Is it always possible to process and store cord blood?

The volume of cord blood collected after delivery is a key factor in deciding whether to discard the unit or proceed with processing and storage. Low volume cord blood units are discarded for the simple reason that they do not result in a sufficient number of stem cells. Transplantation with a small number of stem cells is usually ineffective (low probability of engraftment). Low volume cord blood is usually caused by early delivery (short gestation period), the characteristics and condition of the umbilical cord and the placenta, or the weight of the baby.

Another important consideration as to whether a unit should be discarded or banked is the viability of the collected stem cells (i.e. the percentage of cells that remain alive). Cell viability is influenced by how quickly we are able to process the cord blood after delivery. The faster we can transport the cord blood from the delivery room to the laboratory and the faster we can start the processing, the more chances we have to obtain a unit with high cell viability. Stem-Health Hellas measures and records the cell viability of every unit that is ultimately stored (pre-freezing and post-thawing). These tests are conducted to validate the laboratory processes and are an integral part of the quality control processes established by FACT-NetCord.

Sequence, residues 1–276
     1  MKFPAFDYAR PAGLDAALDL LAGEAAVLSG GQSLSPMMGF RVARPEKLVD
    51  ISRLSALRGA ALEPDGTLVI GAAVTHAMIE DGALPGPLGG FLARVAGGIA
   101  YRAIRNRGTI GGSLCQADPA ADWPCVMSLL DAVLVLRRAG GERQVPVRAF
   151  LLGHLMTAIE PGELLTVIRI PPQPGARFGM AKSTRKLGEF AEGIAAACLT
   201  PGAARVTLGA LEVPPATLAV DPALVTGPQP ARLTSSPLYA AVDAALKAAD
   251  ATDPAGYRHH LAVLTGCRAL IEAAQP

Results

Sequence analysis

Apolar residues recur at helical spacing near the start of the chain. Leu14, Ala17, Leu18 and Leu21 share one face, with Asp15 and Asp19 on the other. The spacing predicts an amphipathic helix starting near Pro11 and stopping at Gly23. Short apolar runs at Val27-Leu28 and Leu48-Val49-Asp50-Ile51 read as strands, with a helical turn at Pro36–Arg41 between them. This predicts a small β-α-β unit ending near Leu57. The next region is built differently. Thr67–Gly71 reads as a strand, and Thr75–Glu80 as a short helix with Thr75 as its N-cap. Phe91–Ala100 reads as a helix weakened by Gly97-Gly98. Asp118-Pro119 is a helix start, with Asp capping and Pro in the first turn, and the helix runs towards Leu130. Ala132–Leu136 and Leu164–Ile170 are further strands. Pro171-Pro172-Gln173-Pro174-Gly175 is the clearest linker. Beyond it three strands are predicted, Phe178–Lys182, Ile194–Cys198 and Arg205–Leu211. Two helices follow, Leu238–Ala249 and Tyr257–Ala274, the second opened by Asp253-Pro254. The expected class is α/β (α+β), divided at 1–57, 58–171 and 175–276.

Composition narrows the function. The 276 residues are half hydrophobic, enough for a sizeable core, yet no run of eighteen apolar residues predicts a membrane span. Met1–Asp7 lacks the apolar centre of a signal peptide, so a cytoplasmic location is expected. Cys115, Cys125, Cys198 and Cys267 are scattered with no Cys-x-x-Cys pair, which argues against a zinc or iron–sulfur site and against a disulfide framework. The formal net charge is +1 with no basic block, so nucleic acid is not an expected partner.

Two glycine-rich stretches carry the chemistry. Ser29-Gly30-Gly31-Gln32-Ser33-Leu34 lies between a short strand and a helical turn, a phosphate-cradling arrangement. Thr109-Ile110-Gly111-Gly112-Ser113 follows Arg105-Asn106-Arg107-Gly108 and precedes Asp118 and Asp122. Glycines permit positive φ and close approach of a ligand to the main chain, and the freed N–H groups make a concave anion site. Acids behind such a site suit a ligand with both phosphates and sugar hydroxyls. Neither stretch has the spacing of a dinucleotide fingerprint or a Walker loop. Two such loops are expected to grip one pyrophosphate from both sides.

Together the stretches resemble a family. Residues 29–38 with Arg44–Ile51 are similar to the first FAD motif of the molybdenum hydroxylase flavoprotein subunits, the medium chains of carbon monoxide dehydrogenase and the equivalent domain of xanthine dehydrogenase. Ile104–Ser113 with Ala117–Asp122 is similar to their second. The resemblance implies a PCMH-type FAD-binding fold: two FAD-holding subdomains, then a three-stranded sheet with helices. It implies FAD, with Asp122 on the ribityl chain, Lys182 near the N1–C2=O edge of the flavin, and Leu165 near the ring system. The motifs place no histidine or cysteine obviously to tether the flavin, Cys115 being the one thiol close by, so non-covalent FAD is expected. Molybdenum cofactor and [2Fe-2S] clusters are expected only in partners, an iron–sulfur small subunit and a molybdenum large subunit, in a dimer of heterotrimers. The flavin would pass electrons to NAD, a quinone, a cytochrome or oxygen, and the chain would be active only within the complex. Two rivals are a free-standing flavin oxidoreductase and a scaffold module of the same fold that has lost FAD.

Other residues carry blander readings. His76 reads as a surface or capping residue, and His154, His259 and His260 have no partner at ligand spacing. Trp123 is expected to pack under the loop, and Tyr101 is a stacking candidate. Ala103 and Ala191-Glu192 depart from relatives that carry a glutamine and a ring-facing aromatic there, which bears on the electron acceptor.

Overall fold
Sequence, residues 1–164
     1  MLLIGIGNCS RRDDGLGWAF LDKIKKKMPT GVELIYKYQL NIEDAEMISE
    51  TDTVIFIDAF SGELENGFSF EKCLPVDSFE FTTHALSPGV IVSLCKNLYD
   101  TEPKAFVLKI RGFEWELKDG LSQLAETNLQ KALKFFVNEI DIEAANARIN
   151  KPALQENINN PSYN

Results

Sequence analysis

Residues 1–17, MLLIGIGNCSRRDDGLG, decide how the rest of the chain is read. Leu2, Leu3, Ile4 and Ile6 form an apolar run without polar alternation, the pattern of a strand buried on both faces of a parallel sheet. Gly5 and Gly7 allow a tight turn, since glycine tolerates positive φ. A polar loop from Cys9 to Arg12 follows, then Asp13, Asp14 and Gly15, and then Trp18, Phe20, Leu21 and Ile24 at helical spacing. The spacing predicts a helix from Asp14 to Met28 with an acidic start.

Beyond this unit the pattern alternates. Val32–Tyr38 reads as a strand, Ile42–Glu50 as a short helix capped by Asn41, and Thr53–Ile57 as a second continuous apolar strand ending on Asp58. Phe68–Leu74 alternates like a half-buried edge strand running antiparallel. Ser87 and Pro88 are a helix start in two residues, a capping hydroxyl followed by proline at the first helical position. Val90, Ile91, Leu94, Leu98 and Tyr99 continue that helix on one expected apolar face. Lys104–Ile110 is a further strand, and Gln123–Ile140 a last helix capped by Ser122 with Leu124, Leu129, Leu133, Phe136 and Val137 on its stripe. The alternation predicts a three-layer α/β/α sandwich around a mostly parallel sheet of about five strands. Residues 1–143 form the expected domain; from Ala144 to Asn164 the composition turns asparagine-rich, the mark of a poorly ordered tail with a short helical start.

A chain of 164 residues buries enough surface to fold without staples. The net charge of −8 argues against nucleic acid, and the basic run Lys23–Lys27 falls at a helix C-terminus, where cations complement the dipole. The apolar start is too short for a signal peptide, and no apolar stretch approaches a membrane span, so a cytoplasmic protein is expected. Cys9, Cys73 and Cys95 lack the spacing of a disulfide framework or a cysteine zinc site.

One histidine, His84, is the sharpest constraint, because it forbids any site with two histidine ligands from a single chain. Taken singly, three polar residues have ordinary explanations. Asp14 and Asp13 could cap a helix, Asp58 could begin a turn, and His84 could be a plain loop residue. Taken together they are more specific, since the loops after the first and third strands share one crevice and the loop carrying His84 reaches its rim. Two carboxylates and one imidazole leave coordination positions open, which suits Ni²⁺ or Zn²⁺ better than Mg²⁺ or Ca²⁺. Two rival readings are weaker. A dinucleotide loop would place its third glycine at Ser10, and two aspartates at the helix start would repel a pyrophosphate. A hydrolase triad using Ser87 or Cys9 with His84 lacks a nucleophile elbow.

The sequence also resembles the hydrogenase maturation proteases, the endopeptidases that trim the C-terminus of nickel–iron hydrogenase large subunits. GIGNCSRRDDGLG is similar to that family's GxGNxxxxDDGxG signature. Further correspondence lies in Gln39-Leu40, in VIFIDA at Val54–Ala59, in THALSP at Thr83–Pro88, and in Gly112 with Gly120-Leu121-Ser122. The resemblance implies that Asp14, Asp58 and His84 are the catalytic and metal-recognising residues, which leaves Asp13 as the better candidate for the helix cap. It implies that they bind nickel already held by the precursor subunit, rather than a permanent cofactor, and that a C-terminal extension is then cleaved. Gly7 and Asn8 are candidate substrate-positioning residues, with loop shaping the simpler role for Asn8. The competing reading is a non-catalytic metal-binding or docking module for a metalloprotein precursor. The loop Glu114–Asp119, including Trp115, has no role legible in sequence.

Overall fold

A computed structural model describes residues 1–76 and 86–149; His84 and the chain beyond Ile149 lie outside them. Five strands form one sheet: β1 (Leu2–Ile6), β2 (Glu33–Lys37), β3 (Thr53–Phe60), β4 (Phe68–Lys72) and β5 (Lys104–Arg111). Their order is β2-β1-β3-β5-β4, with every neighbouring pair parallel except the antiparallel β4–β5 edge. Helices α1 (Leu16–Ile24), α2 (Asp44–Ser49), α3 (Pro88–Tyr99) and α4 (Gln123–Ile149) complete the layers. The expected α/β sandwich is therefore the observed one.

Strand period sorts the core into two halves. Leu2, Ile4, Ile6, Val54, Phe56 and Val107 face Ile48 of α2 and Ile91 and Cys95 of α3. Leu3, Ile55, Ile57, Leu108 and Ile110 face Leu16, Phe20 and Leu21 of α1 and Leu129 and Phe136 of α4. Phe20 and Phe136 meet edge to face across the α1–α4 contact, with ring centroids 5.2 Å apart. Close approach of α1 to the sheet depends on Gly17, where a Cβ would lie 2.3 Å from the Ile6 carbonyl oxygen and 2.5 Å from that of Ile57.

The units are also examined for possible microbial contamination. We need to know if a unit is contaminated because, in some cases, a microbial contamination may affect the quality of the graft and its future use. If an infectious disease is detected in the blood of the mother the unit may not be suitable for storing (it depends on the specificity of the disease).